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Simmer was only 2 months old when we brought her home along with her sister from a litter of about 10. This was in Ft. Myers, FL in 2000. She was my first dog that I was truly responsible for and like many others, you just don’t know what you’re in for until you live it.
She was a little golden ball of fur with lots of energy and playfulness. We learned very early on that she loved to be in the water. She might have been part fish in a past life so we encouraged that as much as we could taking her swimming whenever the chance presented itself. Even through all the big changes in life, moving from Ft. Myers to Cleveland and ultimately to Dallas, she never complained. She seemed perfectly happy as long as we were together. That’s what I’ll take with me the most. The loyal faithful companion that never asked for anything and was simply content to be together.
She had a stroke in July 2014 but luckily physical therapy got her back on her feet again so she could enjoy walks and even chasing alls in the park. During that time we discovered she had Chronic Renal Failure. We put her on a special kidney diet and her numbers stabilized quite well. She even seemed to enjoy the new food . Eventually the CRF turned into late stage renal failure. It was Mar 20 when we discovered her numbers had spiked pretty dramatically. We tried fluid treatments but she was losing her appetite pretty rapidly and was struggling with her mobility due to weight loss and muscle loss. Through it all she remained brave and always had a warm welcome for me when I’d come home. Even though she had stopped eating dog food at this point I was able to get her to eat things such as chicken, ground beef, and hot dogs for about a week, which made us hold out just enough hope that she might rally and have some more time together. Ultimately she stopped eating all together which is when we knew were coming face to face with the decision all pet owners dread.
The sad day finally came on Mar 30 and we decided to say farewell and send her back to the stars. Dr. Westbrook was very kind, professional, and most importantly helped her pass peacefully and without stress at home lounging in the back yard which was one of her favorite things to do.
Thank you to Dr. Westbrook and her staff for being there in time of need and handling thigns so professionally when I was struggling emotionally to cope. I would recommend her services to anyone facing a similar decision.
~ Eric Morton
I think that there are special places in the next world for special people like Dr. Westbrook – people that are called to help others in real times of need. And the choice to put an animal to sleep, and the actual process of doing it, is what I call a real time of need. My beloved cat Jeff was a magical, wise, “dog-like” cat whose funny personality is well documented over many years worth of family albums. I don’t know that any non-animal lover will ever “get” this, but he was truly family to us. For all my years of joking that he would live forever and never die, the end of his life as I knew was coming. It was clear to see.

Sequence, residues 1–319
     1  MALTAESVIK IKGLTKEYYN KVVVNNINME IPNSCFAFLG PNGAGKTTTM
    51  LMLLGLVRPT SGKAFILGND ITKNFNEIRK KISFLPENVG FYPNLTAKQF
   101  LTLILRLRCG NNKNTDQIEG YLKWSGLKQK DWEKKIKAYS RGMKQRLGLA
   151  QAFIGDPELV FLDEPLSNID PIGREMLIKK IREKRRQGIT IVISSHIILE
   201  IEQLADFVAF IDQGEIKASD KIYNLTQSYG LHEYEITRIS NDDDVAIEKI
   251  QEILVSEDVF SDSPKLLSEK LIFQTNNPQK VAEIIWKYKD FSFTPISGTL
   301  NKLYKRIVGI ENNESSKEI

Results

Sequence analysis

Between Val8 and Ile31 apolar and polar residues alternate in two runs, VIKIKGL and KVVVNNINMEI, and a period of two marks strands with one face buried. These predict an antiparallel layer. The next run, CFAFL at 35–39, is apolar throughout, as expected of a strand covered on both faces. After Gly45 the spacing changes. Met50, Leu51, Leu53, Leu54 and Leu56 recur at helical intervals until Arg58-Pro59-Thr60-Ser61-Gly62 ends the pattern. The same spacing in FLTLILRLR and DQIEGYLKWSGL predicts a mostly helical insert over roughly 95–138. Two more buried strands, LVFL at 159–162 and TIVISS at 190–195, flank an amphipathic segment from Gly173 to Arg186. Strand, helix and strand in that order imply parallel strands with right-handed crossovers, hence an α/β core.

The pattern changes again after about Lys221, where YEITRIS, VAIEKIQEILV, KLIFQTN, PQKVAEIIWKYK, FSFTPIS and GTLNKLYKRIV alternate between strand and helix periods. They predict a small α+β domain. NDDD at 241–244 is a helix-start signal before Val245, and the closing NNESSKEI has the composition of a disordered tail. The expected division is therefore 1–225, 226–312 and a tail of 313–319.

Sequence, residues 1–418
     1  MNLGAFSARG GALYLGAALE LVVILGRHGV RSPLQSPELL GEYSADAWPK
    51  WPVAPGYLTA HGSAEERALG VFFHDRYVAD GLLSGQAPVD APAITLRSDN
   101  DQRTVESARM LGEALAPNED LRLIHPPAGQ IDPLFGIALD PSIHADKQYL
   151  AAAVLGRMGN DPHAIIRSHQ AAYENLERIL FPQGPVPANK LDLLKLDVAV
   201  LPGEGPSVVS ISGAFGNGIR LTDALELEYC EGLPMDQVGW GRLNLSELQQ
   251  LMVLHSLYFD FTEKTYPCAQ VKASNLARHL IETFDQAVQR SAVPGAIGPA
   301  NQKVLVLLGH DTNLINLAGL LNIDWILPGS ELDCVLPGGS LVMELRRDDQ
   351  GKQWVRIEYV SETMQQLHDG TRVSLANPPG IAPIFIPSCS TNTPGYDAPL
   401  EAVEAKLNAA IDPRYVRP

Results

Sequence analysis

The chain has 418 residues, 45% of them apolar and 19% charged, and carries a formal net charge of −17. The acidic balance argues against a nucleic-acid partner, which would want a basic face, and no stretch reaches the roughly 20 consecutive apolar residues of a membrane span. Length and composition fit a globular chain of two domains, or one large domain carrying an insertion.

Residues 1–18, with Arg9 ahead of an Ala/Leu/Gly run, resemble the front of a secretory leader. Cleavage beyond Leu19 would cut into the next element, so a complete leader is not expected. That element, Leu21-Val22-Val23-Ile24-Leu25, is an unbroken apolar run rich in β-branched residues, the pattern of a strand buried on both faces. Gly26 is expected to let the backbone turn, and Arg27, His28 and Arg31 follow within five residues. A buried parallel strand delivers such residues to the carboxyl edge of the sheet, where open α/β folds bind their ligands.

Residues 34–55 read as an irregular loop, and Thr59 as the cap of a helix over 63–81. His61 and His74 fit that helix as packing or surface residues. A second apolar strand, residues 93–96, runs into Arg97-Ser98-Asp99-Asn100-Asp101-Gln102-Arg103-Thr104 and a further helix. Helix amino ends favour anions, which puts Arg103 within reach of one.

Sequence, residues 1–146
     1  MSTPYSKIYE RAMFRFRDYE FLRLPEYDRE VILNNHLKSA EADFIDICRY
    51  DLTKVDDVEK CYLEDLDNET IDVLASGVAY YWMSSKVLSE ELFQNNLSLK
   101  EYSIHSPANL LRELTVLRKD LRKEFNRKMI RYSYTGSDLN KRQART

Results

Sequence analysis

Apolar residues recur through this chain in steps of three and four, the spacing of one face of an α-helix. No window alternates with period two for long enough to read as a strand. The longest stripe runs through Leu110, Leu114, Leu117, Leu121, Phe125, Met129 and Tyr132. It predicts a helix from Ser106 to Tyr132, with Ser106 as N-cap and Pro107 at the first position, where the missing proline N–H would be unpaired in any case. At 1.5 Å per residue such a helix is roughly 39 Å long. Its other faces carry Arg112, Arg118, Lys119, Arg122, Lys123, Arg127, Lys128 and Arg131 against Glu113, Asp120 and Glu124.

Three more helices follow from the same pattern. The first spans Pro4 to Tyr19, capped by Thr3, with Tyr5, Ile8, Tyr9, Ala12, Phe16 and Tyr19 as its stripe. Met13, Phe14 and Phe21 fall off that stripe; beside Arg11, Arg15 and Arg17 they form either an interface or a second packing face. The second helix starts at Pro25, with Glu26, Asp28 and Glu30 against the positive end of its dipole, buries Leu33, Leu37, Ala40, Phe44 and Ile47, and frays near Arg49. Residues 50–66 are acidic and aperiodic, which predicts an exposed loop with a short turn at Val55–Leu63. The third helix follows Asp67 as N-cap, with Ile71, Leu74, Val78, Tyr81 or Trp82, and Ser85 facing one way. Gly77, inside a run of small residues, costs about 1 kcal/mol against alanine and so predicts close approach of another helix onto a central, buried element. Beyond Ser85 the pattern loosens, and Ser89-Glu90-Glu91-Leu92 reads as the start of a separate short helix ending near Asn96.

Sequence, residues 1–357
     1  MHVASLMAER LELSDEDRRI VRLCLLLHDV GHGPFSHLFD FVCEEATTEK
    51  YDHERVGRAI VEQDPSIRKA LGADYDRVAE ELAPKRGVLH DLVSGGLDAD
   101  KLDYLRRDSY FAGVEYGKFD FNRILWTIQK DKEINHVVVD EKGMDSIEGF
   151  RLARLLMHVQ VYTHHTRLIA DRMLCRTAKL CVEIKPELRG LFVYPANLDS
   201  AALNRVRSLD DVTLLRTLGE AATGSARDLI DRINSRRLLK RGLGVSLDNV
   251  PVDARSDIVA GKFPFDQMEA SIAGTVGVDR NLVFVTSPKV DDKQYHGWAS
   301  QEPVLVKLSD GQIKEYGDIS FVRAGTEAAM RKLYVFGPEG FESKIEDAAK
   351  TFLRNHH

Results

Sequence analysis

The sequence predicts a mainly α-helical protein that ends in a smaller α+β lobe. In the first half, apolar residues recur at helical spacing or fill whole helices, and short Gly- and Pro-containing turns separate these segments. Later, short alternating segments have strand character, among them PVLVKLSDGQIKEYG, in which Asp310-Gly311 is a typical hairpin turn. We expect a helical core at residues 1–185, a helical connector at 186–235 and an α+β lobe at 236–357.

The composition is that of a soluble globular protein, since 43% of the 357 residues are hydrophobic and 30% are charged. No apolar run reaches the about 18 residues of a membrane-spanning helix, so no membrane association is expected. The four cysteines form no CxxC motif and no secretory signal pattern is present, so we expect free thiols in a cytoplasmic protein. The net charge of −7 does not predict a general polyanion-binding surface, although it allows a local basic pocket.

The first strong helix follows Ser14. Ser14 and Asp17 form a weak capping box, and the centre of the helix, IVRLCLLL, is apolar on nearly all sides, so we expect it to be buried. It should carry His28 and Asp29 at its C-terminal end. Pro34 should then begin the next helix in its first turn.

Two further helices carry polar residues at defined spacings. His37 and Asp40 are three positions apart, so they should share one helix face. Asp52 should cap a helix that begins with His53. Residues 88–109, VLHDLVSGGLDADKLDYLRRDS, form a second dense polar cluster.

I have to be honest and tell you that there was a huge part of me that wanted Jeff to die naturally with a quick, non-suffering death so that I would not have to make a decision. But, it became obvious to me that his long term battle with kidney disease was taking too much of a toll on his 19 year-old body, and that I would have to be the kind of pet owner that he needed me to be. I have a wonderful vet who has an incredible office with an incredible staff, but the thought of taking him up there and spending my last moments with him in that setting created even more pain for me. I will be eternally grateful to my vet for recommending Dr Rebecca Westbrook and her services. I had never heard of home euthanasia, but it just felt right from the get-go. Even Rebecca’s voice was kind and nurturing, and from my first conversation with her, I knew that this way of helping Jeff pass would be the kindest for him and for me. It was helpful to me that she took the time to explain everything that she was going to do ahead of time. I loved the fact that she believes in sedating your animal first so that they feel comfortable and relaxed, and so that they’re in no pain before she gives the final injection. I know that not all vets do it this way - it takes more time and more medication, but I’m convinced that this is the kindest way to usher our animal friends out.
All that said, I think the real beauty of what Dr Westbrook does for the pet owner is that she allows you the dignity to grieve the passing of your pet the way that you need to grieve it, and she seems intuitive enough to know what it is that she needs to do to help facilitate that. For me, I needed a few close girlfriends there and beautiful music and candles and lots of talking to and holding Jeff - and lots of tears. I think for others they might need quiet and no words and the comfort of knowing that they didn’t have to do this in a public setting. For some, though they may not be able to be in the same room with their pet during their passing, they need the peace of knowing that their pet’s last moments were in a familiar environment. Rebecca seems okay with all of the above, and respectful of the different ways that we all need to grieve.
I could go on and on, but I think that I’ll stop there. No one can take away the pain of losing a beloved pet. We all have to walk through that in our own way. But I do believe that we can create memories of their passing that are meaningful and rich and, for me, quite spiritual. I needed that. I hope that you, too, find what you need to bring you some measure of peace and comfort.
~ Jennifer W.